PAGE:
Benjamin Goldman

Job market paper:

Segregation and Marriage

With Jamie Gracie and Sonya Porter

Abstract Americans rarely marry outside of their own race or class group. We use anonymized data covering nearly the entire U.S. population to study the sources of marital homophily by parental income, or “class,” and race, focusing on white-Black marriage. We distinguish between two explanations for marital homophily: a lack of exposure to people of different backgrounds versus a preference to marry within group. Despite similar levels of marital homophily by race and class, homophily by class is driven largely by residential segregation, whereas racial homophily is not. We analyze the role of residential segregation in partial equilibrium with an instrument for exposure based on race- and class-specific sex ratios in childhood neighborhoods. Increased exposure to opposite-sex members of other class groups leads to a substantial increase in interclass marriage, but increased exposure to other race groups has no detectable impact on white-Black interracial marriage. To quantify the impact of specific desegregation policies in general equilibrium, we develop and estimate a spatial model of the marriage market. Policies that reduce residential segregation can have large effects on interclass marriage with implications for the dynamics of income across generations.

Research in progress:

Can Individualized Student Supports Improve Economic Outcomes for Children in High Poverty Schools?

With Jamie Gracie and Sonya Porter

Abstract How can we improve outcomes for low-income students? We analyze the adult earnings impacts of the largest comprehensive student support program in the US. Communities in Schools (CIS) places a “navigator” in high-poverty schools who provides an integrated system of supports to students, including academic (e.g., tutoring), economic (e.g., access to food assistance, housing), and mentoring. In 2023, CIS worked with 1.8 million students in 3,750 schools. Using later-treated CIS schools as a control, we estimate that four years of exposure to CIS generates a $1,500 (6% of control mean) increase in earnings at age 30. Effects are larger for students from low-income families and are driven by a reduction in non-employment and an increase in the probability of having a low-paying job. Each child exposed to four years of CIS is expected to pay an additional $10,000 in taxes between ages 18-65, which compares favorably to the program cost. Our results are relevant for the growing community school movement and illuminate a possible path for improving economic mobility in low opportunity neighborhoods.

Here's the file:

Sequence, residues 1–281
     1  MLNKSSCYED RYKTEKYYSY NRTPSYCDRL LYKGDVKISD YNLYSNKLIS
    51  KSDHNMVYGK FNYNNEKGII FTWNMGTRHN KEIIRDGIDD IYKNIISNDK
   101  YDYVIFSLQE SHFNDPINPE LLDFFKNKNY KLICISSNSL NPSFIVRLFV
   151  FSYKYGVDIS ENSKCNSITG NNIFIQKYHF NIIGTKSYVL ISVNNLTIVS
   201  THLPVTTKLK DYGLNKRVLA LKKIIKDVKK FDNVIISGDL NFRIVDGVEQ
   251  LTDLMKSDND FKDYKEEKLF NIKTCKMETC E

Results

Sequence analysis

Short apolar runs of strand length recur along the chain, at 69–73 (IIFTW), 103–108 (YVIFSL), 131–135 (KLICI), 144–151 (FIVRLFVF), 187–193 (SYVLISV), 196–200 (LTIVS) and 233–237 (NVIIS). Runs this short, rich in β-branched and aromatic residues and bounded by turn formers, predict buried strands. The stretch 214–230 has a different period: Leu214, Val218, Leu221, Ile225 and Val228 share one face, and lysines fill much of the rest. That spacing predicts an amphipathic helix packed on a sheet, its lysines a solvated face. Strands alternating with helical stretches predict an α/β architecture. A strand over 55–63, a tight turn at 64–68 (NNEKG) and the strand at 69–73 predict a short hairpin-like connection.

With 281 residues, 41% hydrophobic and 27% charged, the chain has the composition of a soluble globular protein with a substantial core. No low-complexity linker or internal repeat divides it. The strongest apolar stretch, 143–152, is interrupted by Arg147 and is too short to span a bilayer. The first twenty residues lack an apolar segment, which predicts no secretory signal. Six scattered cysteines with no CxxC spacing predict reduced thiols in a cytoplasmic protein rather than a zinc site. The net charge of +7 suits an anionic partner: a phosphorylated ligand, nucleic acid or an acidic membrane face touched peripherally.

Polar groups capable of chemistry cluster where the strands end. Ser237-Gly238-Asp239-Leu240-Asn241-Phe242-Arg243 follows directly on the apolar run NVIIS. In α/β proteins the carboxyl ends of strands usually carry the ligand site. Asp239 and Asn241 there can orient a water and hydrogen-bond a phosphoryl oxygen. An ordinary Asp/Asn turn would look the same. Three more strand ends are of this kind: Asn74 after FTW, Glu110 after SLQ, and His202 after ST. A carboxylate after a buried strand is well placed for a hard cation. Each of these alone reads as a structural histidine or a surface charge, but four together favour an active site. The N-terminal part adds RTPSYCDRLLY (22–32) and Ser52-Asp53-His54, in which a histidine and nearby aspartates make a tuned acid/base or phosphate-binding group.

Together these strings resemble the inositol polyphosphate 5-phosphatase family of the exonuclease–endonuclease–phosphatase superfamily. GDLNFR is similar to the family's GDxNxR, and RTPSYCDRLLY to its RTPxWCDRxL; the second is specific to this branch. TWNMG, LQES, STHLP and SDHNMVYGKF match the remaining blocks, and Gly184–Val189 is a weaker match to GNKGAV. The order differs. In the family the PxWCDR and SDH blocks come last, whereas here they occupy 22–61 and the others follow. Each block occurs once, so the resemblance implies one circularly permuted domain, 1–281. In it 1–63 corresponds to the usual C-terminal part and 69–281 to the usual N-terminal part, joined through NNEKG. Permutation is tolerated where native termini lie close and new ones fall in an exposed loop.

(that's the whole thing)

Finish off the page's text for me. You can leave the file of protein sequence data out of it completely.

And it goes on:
Growing Class Gaps, Shrinking Race Gaps: Economic and Sociological Mechanisms Underlying Recent Trends in Intergenerational Mobility

With Raj Chetty, Will Dobbie, Sonya Porter, Crystal Yang

NBER SI 2023

What Explains Temporal and Geographic Variation in the Early US Coronavirus Pandemic?

With Hunt Allcott, Levi Boxell, Jacob Conway, Billy Ferguson, Matthew Gentzkow

Media: Vox | Forbes

Abstract We provide new evidence on the drivers of the early US coronavirus pandemic. We combine an epidemiological model of disease transmission with quasi-random variation arising from the timing of stay-at-home-orders to estimate the causal roles of policy interventions and voluntary social distancing. We then relate the residual variation in disease transmission rates to observable features of cities. We estimate significant impacts of policy and social distancing responses, but we show that the magnitude of policy effects is modest, and most social distancing is driven by voluntary responses. Moreover, we show that neither policy nor rates of voluntary social distancing explain a meaningful share of geographic variation. The most important predictors of which cities were hardest hit by the pandemic are exogenous characteristics such as population and density.


Within-industry agglomeration of occupations: Evidence from census microdata

With Thomas Klier and Thomas Walstrum

Journal of Regional Science 59.5 (2019): 910-930

Abstract This study uses worker-level data on industry, occupation, and place of work to explore differences in the spatial properties of production, administrative, and R&D occupation groups within industries. To measure differences, we calculate location quotients at the local labor market level and the Duranton and Overman (2005) agglomeration index for each group. We find appreciable differences in the spatial distribution of occupation groups within most manufacturing industries, with R&D occupations consistently exhibiting the highest degree of spatial concentration. Our results are consistent with the core theoretical and empirical results in the agglomeration literature.

Any opinions and conclusions expressed herein are those of the author and do not represent the views of the U.S. Census Bureau. The Census Bureau has ensured appropriate access and use of confidential data and has reviewed these results for disclosure avoidance protection (Project 7519874: Segregation and Marriage CBDRB-FY23-CES014-009, Student Supports CBDRB-FY23-CES014-028, Class and Race Gaps CBDRB-FY22-CES010-004, CBDRB-FY23-0375)